Streetcar alternatives

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Revision as of 23:27, 1 March 2012 by Crubin (talk | contribs)
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Thanks to recent revival of neighborhoods served by streetcars in cities like Portland, Oregon, there’s a common conception that streetcars are a magic development bullet. The conventional wisdom suggests that the presence of “rails in the ground” sends a signal to developers that the transit infrastructure in question is permanent, while buses lack this sense of permanence. Like any claim of cause and effect, this assertion should be viewed skeptically on a number of grounds.

Foremost, new streetcars are typically accompanied with a number of other public investments in the street-scape that are independent from the vehicle technology, i.e. transit stop enhancements like improved shelters, signage and aesthetic features; these other investments could help explain investments by the private sector. Furthermore, many of these street-scape enhancements could be implemented just as easily to enhance existing bus service to obtain virtually all of the mobility benefits. Various treatments associated with BRT can provide a transit experience that is similar -- if not identical -- to streetcar service at a fraction of the cost of embedding rails in the streets and installing overhead wires.


Right of way enhancements

Enhancements to the right-of-way in which the vehicle travels can improve the speed and comfort of the ride.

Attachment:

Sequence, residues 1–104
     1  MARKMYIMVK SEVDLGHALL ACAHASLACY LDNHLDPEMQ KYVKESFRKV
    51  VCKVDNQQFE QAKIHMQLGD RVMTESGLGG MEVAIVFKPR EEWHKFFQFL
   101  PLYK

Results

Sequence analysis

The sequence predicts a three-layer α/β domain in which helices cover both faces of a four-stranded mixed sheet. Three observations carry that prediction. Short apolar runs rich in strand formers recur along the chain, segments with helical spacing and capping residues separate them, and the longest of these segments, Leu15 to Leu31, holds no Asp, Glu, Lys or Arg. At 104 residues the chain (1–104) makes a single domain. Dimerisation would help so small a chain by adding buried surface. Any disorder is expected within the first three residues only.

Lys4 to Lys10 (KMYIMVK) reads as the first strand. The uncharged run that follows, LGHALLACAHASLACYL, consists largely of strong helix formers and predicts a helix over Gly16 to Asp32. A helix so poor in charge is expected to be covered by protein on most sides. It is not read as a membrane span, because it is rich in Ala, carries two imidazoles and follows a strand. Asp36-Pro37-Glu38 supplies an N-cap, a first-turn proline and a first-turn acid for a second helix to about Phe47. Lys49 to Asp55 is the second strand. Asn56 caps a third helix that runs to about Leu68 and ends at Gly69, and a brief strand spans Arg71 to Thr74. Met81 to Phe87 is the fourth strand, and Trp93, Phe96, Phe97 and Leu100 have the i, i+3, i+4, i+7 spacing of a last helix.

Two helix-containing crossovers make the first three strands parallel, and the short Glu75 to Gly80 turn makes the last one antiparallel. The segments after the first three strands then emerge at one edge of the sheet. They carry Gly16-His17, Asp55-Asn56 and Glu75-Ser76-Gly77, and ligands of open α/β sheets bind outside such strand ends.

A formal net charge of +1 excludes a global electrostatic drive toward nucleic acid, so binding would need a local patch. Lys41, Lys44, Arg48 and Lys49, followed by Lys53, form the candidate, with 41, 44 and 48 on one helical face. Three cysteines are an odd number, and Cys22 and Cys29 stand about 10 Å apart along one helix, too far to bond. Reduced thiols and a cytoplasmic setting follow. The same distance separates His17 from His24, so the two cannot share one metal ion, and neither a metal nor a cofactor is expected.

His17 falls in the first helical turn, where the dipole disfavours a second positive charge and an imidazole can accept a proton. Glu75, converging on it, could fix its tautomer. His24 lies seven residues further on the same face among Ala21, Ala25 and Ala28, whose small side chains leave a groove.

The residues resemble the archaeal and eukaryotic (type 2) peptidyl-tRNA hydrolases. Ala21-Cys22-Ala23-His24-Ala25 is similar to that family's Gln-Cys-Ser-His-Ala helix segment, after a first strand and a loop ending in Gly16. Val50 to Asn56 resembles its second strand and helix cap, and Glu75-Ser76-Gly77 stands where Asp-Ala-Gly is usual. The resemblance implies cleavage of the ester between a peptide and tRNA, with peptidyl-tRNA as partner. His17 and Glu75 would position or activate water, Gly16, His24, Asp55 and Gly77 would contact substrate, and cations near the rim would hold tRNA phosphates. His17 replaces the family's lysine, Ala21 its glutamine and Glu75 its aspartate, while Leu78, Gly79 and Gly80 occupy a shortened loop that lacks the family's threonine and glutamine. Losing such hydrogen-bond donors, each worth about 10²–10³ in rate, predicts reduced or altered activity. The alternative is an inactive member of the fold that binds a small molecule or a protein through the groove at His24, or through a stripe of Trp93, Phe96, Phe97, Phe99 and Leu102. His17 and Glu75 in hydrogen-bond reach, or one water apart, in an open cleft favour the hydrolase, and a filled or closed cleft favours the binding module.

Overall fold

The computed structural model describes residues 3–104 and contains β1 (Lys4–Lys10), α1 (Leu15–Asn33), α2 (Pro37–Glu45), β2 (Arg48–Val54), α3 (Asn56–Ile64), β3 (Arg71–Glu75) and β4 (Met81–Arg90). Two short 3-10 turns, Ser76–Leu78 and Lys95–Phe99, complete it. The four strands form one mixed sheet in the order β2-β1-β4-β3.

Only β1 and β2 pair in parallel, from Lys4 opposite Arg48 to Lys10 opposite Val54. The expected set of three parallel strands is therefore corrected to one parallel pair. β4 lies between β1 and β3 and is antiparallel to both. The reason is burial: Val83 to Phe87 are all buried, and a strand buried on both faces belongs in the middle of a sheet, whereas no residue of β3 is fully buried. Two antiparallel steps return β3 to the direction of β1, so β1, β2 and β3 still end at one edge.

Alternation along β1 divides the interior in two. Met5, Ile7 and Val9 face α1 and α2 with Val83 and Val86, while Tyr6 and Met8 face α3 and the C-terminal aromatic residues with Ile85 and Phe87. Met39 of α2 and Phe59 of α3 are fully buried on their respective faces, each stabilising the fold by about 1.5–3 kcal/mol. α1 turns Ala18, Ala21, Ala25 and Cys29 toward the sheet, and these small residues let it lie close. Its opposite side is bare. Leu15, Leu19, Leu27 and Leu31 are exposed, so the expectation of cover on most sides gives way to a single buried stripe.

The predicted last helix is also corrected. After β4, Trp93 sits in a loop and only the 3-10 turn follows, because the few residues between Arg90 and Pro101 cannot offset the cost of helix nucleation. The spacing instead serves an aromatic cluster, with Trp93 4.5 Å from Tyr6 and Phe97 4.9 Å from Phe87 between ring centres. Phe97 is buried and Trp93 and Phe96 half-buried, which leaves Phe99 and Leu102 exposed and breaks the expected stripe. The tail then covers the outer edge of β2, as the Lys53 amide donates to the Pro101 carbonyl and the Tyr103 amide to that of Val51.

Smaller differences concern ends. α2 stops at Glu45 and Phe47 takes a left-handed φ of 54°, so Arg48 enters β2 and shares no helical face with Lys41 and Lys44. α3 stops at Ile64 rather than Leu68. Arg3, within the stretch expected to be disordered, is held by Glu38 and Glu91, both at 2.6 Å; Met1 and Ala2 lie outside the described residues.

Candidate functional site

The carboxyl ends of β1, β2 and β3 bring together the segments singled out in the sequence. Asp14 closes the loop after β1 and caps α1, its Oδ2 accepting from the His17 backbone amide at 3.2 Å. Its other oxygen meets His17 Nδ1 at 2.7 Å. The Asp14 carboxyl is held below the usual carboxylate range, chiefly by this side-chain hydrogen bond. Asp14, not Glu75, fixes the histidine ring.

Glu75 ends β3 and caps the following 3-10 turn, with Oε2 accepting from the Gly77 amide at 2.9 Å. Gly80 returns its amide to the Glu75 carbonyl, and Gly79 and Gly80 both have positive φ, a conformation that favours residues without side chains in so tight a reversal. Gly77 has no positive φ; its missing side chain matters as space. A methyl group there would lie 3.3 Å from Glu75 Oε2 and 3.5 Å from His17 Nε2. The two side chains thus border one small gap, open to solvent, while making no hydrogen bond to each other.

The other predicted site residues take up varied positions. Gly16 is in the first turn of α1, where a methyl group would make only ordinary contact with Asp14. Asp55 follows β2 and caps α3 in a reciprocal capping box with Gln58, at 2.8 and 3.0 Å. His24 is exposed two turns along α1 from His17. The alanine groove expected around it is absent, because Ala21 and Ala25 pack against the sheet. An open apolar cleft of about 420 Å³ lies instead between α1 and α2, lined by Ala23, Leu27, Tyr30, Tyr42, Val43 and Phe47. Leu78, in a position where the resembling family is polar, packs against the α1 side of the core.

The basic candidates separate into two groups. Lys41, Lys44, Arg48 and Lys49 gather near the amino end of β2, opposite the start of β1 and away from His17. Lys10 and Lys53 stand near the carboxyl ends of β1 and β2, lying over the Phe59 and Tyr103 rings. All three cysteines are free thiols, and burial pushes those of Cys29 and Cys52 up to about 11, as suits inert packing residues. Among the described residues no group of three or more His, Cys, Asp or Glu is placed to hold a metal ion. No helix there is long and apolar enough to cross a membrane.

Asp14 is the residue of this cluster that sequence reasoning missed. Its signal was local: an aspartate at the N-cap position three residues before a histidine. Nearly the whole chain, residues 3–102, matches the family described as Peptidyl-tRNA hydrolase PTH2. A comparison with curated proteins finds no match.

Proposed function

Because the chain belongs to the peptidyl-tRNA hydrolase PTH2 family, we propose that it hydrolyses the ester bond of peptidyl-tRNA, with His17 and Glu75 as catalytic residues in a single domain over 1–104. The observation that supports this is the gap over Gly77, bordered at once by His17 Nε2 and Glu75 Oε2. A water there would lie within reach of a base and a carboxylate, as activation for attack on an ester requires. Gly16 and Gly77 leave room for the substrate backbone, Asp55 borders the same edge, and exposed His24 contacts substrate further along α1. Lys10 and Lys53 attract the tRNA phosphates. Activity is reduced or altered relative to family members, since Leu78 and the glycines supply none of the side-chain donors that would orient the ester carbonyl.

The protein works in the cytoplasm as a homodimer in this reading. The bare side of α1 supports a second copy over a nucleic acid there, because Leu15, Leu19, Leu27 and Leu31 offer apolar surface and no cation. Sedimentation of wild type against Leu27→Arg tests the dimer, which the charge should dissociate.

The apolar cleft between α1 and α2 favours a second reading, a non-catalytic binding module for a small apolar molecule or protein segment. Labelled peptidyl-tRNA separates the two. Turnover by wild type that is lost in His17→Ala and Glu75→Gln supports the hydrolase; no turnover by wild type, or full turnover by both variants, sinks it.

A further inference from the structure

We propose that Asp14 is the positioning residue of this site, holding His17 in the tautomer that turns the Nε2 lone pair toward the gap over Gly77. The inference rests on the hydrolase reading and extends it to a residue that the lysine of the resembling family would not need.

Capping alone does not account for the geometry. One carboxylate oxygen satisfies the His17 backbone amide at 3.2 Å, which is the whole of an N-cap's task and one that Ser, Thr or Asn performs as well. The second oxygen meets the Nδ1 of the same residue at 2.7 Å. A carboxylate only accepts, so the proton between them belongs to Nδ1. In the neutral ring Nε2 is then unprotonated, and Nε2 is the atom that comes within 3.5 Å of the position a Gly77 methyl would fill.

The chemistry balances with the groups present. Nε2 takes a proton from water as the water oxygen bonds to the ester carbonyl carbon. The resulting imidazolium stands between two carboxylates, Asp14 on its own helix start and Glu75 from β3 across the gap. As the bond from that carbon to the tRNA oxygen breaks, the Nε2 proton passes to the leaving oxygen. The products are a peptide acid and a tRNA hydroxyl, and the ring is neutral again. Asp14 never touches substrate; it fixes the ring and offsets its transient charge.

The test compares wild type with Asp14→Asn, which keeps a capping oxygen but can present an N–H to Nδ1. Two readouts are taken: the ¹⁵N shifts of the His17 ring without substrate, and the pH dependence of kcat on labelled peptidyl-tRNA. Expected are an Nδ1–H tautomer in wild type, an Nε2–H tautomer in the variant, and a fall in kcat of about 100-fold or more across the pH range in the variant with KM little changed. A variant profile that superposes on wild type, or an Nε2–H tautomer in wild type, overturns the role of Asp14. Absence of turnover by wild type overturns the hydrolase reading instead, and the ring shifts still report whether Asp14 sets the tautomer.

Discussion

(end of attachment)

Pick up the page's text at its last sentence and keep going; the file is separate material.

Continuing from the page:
• Exclusive travel lanes principally reduce costs for agencies and improve service by allowing transit vehicles to bypass congested corridors without traffic delay. Transit-only lanes can also reduce conflicts between transit vehicles and other traffic, i.e. lane changes and turning movements.
  • Signal priority systems provide transit vehicles with preferential treatment at intersections, extending green lights for approaching transit vehicles and shortening red light cycles for stopped transit vehicles. The system typically works via transponders on transit vehicles that communicate the vehicle's position to the traffic signal.

Station stop enhancements

A bus stop featuring all the amenities as one might expect at streetcar stop.

Enhancements to the transit stop/station can improve out-of-vehicle experience for transit users and increase the sense of permanence.

  • Shelters and other street furniture
  • Level boarding
  • Curb extensions

Vehicle enhancements

Use of special vehicles

  • Iconic vehicles or livery to better brand service
  • Articulated buses for increased capacity
  • Electric or natural gas buses to reduce noise and/or emissions

Service enhancements

Enhancements to the frequency and duration of service, or specialized routes to serve certain corridors.

  • Increased frequency
  • Increased span of service
  • Specialized routes